On October 11, 2012, the Federal Administration of Tax Revenues, the AFIP, of Argentina accused a large agriculture biotechnology company of using sham loans from related parties to avoid up to $77 million in taxes. According to the AFIP, the company “pretended” to borrow money from related overseas parties to show lower revenues. The lenders were located in the United States, Panama and Bermuda.
A second issue is the purported failure to complete a transaction between a US entity and a Spanish company that would be the parent company of the Argentinean entity. The AFIP asserts that the transaction was never completed and that the Spanish company is a shell company.
As part of the exam, the AFIP has found that the $250 million loan contract suffered from several defects, as the term of the loan was indefinite, that it had not been duly legalized at the consular office, the international court registration process had not been completed, and several key signatures were missing from the document.
Currently, the government has ejected the company from the exports register. Ejection from the register carries significant limitations on the activities of the company in that it limits the amount of materials the company is allowed to received and dispatch each month. The company can limit the effect of this by hiring third parties to fulfill the gaps, but this also raises the cost of these operations. Ejection also raises the company’s income tax bracket from 2 to 15 percent and its sales tax from 8 to 10.5 percent.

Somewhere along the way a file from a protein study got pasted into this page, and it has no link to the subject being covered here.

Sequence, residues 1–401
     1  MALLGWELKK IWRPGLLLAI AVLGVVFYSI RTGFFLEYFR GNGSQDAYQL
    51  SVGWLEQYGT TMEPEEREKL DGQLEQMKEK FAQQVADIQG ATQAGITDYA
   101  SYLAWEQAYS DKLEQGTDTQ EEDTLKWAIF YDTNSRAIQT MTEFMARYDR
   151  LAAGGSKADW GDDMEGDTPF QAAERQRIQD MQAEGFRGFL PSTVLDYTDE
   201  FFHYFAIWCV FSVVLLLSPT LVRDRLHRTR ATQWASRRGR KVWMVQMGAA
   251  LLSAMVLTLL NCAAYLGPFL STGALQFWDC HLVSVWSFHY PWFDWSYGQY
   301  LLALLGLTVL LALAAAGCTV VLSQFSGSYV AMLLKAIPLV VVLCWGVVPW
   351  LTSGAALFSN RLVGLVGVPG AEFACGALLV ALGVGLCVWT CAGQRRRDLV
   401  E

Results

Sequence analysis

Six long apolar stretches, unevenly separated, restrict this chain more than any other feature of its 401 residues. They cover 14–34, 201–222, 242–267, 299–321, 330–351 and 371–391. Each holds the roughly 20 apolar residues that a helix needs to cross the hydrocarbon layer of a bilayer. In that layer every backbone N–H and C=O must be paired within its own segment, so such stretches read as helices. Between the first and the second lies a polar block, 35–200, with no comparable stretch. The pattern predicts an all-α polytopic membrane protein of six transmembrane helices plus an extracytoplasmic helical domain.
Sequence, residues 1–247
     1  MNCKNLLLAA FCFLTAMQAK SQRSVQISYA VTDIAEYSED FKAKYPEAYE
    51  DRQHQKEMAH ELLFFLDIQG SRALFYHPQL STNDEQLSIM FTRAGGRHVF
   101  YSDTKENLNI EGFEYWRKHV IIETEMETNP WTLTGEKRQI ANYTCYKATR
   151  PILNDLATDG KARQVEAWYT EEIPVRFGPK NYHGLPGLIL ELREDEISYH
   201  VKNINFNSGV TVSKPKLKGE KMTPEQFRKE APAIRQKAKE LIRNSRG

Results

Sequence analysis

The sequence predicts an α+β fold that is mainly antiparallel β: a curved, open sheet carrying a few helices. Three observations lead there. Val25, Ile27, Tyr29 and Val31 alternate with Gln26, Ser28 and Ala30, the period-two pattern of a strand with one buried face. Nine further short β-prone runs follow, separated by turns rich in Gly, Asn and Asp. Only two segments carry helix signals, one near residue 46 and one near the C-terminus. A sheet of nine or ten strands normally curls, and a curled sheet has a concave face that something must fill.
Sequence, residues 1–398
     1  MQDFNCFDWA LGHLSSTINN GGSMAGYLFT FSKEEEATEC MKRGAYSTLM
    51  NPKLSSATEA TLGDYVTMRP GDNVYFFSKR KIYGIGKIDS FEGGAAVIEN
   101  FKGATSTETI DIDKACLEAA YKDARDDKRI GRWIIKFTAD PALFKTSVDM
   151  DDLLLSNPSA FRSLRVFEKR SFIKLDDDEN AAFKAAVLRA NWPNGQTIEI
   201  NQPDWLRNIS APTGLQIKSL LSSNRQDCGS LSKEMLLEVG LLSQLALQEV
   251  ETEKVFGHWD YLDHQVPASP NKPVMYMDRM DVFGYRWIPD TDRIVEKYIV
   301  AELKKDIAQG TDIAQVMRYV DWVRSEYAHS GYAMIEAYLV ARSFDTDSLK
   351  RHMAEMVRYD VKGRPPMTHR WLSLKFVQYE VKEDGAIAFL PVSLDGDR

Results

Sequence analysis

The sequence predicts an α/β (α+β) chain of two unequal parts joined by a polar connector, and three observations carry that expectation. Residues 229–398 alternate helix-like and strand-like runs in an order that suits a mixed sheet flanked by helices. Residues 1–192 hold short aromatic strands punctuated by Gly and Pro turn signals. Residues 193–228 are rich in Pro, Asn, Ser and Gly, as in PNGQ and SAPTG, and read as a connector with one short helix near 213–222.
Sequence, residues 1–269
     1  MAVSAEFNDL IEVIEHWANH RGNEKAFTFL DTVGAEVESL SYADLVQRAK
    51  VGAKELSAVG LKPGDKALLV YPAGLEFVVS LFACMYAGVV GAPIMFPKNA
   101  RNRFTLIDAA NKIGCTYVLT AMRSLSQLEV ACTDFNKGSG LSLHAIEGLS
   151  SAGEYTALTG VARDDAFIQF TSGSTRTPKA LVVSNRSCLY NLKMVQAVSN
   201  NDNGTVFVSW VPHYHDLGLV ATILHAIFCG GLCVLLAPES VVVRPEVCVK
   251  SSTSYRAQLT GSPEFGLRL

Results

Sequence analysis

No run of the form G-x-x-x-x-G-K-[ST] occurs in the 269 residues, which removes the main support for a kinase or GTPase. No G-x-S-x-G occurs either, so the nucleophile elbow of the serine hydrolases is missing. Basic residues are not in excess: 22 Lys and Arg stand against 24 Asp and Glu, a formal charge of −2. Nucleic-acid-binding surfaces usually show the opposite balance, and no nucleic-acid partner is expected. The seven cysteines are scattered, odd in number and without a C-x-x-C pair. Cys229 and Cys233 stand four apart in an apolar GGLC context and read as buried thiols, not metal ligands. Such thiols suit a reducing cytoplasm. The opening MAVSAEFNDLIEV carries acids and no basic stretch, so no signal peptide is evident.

Of interest is that Argentina will be requesting information under the newly entered exchange of information agreement with Spain effective January 1, 2013 and from the US under the OECD updated multilateral Convention on Mutual Administrative Assistance in Tax Matter which it ratified in September.
The need to ensure the proper completion of intercompany agreements, standardization of the agreements to local requirements, and consistency in all supporting transfer pricing documentation is imperative in order to mitigate exposure.
Do you think ejection from the exports register was justified? Share your thoughts in the comment section below.